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Wildlife Guidelines

SEEtheWILD Wildlife Guidelines

Our mission is to promote tours and volunteer programs that support wildlife conservation efforts around the world. To ensure that we promote the best wildlife conservation tours out there, we have put together these guidelines for both general wildlife interaction as well as common wildlife encounters.

To be eligible for marketing with us, we ask that operators accept these guidelines and ensure that any tour promoted on SEEtheWILD follow them.

General Criteria

  • Direct Support for Wildlife Conservation Programs: Includes monetary or in-kind donations or volunteer support.
  • Strong Educational Programs: Tours educate travelers (and ideally local residents) about issues impacting wildlife, the environment, and local communities.
  • Reduced Environmental Impact: Partners actively reduce waste, greenhouse pollution, and other negative impacts of tours.
  • Patronage of Local Businesses: Partners use local guides and locally-owned services, accommodations, and restaurants wherever possible.

General Wildlife Interaction Guidelines

If tours involve viewing wildlife in the wild, tour operators should attempt to follow ethical viewing practices.

  1. Always respect wild animals:
    • Never feed a wild animal unless as part of an official rehabilitation program.
    • Keep a respectable distance and if the animal shows signs of fear or aggressiveness, back off immediately and give the animal plenty of space to move on.
    • Avoid chasing or following wildlife that is attempting to escape.
    • Keep watching times to a reasonable length to avoid stressing the animals.
    • Move slowly, quietly, and in full view to avoid scaring or stressing animals.
    • Avoid touching animals unless part of a carefully structured research or conservation program that has the required permits.
  2. Avoid captive wildlife facilities unless they actively support reintroduction to the wild or take in animals that would not be able to return to the wild (see below for more specific captive wildlife guidelines).
  3. Follow Leave No Trace guidelines to reduce human impact on wild places.

Wildlife in Captivity

All animals in captivity should be given the five freedoms listed below and any facility that does not incorporate these freedoms should be avoided.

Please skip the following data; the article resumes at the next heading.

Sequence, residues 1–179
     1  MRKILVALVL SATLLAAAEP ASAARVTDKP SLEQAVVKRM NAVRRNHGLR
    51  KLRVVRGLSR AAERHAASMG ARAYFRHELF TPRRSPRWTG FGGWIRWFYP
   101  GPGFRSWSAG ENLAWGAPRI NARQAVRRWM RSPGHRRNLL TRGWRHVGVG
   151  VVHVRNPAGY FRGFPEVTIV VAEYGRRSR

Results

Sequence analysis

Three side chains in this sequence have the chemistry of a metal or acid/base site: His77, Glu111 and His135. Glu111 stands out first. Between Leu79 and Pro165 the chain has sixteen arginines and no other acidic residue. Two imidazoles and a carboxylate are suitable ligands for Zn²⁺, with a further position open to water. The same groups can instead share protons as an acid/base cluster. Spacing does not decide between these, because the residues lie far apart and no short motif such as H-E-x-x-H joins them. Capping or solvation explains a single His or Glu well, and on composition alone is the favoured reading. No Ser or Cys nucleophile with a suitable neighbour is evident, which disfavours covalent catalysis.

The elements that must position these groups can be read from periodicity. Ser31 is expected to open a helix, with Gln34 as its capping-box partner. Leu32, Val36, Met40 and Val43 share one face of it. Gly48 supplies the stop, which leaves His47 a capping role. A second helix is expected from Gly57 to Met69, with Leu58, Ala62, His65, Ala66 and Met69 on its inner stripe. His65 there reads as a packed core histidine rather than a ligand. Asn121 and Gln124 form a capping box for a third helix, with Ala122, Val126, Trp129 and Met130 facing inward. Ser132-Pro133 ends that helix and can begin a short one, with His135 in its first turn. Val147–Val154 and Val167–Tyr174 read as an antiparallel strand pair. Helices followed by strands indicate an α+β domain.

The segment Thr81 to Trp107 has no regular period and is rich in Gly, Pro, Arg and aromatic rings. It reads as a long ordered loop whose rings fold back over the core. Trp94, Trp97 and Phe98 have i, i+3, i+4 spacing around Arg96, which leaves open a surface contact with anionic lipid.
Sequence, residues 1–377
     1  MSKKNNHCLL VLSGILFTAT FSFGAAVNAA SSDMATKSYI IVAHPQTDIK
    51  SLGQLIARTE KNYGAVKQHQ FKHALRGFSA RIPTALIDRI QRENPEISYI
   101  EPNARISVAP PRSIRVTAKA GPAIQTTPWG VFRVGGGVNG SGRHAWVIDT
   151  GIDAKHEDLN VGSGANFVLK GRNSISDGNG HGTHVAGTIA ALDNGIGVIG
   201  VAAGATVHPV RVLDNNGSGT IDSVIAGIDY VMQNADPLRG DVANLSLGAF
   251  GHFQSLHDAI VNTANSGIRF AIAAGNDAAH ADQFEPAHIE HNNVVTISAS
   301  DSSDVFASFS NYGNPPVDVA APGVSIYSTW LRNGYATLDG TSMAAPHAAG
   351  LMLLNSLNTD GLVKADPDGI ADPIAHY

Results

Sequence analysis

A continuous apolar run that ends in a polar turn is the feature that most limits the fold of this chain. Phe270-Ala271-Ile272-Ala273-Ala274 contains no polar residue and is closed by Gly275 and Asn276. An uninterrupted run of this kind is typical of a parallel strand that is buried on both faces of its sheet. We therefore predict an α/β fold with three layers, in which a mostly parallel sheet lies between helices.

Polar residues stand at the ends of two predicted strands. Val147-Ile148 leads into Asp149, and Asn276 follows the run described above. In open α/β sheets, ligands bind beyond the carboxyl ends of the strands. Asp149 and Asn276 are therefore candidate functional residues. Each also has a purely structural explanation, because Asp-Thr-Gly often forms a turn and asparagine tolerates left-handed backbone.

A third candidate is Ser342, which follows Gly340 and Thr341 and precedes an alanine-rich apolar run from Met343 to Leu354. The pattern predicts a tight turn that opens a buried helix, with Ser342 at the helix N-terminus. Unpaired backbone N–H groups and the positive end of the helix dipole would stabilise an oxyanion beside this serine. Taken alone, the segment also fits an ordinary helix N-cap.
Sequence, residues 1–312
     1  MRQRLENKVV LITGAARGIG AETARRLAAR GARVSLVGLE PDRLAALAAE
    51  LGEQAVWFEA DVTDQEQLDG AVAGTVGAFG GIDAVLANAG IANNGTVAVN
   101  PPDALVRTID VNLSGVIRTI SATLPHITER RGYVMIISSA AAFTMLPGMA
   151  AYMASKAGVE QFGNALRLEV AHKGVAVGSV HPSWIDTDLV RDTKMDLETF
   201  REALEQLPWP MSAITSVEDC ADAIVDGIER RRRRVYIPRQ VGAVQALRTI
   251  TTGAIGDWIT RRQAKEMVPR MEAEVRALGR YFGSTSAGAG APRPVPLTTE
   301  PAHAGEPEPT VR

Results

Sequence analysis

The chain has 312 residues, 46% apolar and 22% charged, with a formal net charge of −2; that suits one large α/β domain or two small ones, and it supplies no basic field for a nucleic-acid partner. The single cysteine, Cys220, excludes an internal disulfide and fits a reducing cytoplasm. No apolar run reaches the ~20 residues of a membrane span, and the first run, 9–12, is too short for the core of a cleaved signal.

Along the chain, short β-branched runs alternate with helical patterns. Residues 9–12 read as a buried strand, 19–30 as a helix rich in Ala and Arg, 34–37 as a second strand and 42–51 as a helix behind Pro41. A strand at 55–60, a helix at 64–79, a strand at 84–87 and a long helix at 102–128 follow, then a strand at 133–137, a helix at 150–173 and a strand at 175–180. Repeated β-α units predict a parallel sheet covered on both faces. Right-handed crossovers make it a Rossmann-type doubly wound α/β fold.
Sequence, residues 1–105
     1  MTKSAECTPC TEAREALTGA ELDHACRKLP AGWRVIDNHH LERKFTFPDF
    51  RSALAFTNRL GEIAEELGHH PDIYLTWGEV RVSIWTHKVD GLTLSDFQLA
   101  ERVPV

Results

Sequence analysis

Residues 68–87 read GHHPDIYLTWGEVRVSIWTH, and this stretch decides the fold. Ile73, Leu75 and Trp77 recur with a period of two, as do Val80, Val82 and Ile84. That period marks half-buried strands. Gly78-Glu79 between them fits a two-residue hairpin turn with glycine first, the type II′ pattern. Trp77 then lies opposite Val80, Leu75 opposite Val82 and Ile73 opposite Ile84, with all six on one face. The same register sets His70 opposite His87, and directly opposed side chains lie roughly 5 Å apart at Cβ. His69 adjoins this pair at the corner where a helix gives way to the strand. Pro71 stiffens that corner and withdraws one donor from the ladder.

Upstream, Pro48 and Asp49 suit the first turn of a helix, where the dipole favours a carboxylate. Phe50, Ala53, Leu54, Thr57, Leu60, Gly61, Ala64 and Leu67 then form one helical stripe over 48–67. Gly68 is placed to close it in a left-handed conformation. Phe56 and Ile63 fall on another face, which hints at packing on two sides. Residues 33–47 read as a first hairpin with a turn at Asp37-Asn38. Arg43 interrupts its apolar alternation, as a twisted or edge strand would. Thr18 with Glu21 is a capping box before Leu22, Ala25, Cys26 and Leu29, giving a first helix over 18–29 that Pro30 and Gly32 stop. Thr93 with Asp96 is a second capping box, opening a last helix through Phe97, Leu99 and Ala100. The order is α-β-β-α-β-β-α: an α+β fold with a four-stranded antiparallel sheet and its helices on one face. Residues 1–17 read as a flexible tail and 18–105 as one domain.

1. Freedom from Hunger and Thirst: Ready access to fresh water and a diet to maintain full health and vigor.
  2. Freedom from Discomfort: Provide an appropriate environment including shelter and a comfortable resting area.
  3. Freedom from Pain, Injury or Disease: Prevention or rapid diagnosis and treatment.
  4. Freedom to Express Normal Behavior: Provide sufficient space, proper facilities and company of the animal’s own kind.
  5. Freedom from Fear and Distress: Ensuring conditions and treatment that avoid mental suffering.

For more information, please see the ASV – Five Freedoms.

In addition, animal sanctuaries should follow the Global Federation of Animal Sanctuaries Standards of Excellence.

Guidelines for Specific Animals & Habitats

Sea Turtles

  • Hatchling releases should as much as possible take place at dusk or at night to help the hatchlings avoid predators.
  • Anyone handling hatchlings should wear gloves at all times.
  • Hatchlings need to cross the sand, projects should avoid placing them directly in the water.
  • Avoid allowing clients to take flash photos of turtles at night while nesting and encourage them to wear dark clothing to prevent disturbing the nesting process.
  • If visiting a nesting beach, clients should go out with a researcher or trained guide or be sure to follow any local guidelines or regulations.
  • On a nesting beach, clients should stay behind the turtle’s head while it is nesting.
  • In the US, only permitted researchers can touch sea turtles. Outside of the US, programs need to have permits from their government officials to work with and touch sea turtles.
  • When boating in the ocean, slow down when wildlife is present and avoid anchoring in sensitive coral reefs and seagrass beds.
  • Avoid littering and help to clean debris off the beach that can impede both adults and hatchlings.
  • Avoid projects that keep sea turtle hatchlings in tanks before they release them.

For more information, please see SEE Turtles Turtle Watching Tips.

Coral Reefs